The problem is particularly acute when your entire business is based on a failed model.
|Absolutely not looking at latest MAP test|
But I have to give credit to NSWEA for one thing-- they seem to grasp the most fundamental problem with these tests-- students have to actually give a rat's rear end about the test:
The best assessments are only effective and reliable if students are engaged and trying their best. But we know that’s not always the case.
That's the first paragraph in "What happens when test takers disengage?" and it may be the last thing that the article gets right.
Erin Ryan is the author; she's a senior content writer at NWEA who was previously a writer for Priorities USA, Upworthy, and Hallmark Cards. After graduating from University of Wisconsin with a degree in Journalism and Mass Communications, followed by an MS in educational leadership, she did put in one year as a teacher in Duval County Schools.
Ryan points ouit that sometimes, students zip through a test, just marking answers without reading the questions. She says this is called "rapid guessing," though for many years my students called it "playing some ACDC." This leads to "unreliable results," though I think "meaningless bullshit" is perhaps more descriptive. She warns that these results don't tell you the full picture of the student capabilities and "maybe even land them in programs for interventions they do not need" and so, you shouldn't use these kinds of tests to make those judgements, and should probably scrap them in favor of testing instruments that actually yield useful results.
Ha. Just kidding. We're going to consider everything except the possibility that the very design of MAP testing-- multiple choice on a computer screen about dull and random reading mini-excerpts-- make it a test that actively disengages students and therefor a poor choice for any school trying to collect useful data.
The techno-delivery of the test, Ryan argues, makes it easy to catch the disengaged students and do something about it. Except that in this respect, she's going to offer some terrible advice. She also makes the claim that research into test taking behavior, "working hand in hand with technology," makes it possible to keep students more focused on a test. Also nope.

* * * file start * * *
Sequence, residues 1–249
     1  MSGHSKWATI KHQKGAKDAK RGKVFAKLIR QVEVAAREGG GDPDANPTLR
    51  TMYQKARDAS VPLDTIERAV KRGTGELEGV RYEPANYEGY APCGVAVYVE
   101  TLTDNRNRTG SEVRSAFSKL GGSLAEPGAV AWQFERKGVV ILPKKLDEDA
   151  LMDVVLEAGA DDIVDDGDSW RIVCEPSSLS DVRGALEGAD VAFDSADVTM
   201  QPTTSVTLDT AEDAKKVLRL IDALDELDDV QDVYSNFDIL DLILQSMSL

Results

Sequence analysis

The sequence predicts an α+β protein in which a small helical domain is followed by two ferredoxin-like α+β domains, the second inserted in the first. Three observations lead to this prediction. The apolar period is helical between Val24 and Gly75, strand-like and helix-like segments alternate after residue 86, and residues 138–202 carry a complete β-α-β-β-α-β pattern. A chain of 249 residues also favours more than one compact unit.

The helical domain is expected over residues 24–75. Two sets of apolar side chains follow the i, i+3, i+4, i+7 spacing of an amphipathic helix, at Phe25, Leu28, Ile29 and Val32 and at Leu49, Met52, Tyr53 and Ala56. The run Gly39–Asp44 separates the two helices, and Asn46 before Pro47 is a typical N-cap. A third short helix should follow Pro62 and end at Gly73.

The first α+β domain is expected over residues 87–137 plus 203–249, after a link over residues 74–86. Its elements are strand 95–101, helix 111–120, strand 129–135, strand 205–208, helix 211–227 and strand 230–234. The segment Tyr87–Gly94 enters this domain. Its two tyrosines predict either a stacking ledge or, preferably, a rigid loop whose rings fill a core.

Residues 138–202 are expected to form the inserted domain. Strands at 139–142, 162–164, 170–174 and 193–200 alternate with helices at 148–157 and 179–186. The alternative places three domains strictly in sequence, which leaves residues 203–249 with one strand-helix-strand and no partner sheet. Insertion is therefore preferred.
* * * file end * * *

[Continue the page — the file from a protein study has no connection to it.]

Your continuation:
NWEA has been claiming that it can read students' minds for years, using pause time on questions to gaze into the student's soul. For a while now, MAP administrators have received litle notices on the home screen that tattle on "disengaged" students (just in case teachers couldn't notice a studentn ripping through twenty questions in two minutes, or failed to use their power of "looking" to see students who are bored and disengaged).
introduced Slow Down Sloth, a cartoon sloth that would pop up and encourage a student to slow down. It's a nice consolation to those of us who feel sad that young folks will never get to meet Microsoft's Clippy. Now NWEA has auto-pause, which penalizes a racing student by freezing their test. This strikes me as an intriguing way to train students in how to figuyre out just how quickly the software will let them zip through the test.
But key is proctor intervention, and here's where we vreally run into trouble. Ryan drags NWEA researcher Steven Wise into this. Speaking about proctors:
“They think they are not allowed to intervene,” Steve says. “But that’s exactly what we want them to do. If a student is disengaged, you should do something about it.”
Here's the thing. They think they are not allowed to intervene because in many states, such intervention is absolutely against the rules. Pennsylvania teachers have to comply with a whole set of "test administration ethics" that are absolutely clear that a proctor cannot interact with students beyond reading the instructions script. Yes, if you're just using NWEA testing as a test prep tool, those rules don't technically apply, but why do test prep under different conditions than the "real" test? So this kind of advice...?
Maybe a student is struggling with a test because they’re not feeling well, are anxious, or are having trouble understanding the questions. Whatever the reason, when a proctor and student can talk when disengagement has occurred, instead of after, there’s an opportunity to save a testing event that might otherwise go to waste.
Nope. That sort of thing is absolutely verbotten, in part because, in its own way, it can invalidate a test almost as badly as playing ACDC.
Bottom line? NWEA has a product problem; the MAP is test is intrinsically disengaging, and is often used in settings (such as my old school) where it has no connection to the actual course and has less-than-zero stakes for students. It's multiple choice, which makes it easy for software to score, but a lousy measure of any complexity or depth of student understanding. Those are also the least engaging type of question, requiring no student response beyond "just pick a letter." The end result is a test that provides very little information. In the years that I gave the test, I never once found a student result that surprised me by telling me something I didn't already know (my personal number crunching also told me that it was a lousy predictor of Big Standardized Test performance).
NWEA's response to all these problems is not to go back to drawing board or question the foundational assumptions behind their product. Instead it's to offer these little help articles and webinars in order to get customers to plug the holes in their product. It's like an auto manufacturer saying, "We've screwed up the engineering of the airbags in these cars, and we'd like to give you some instructions about how to sit kind of side-saddly in the front seat so that the airbags kind of work."
Sending teachers instructions on how to tweak a faulty product so that it's marginally less faulty is not the solution here. NWEA needs to do better.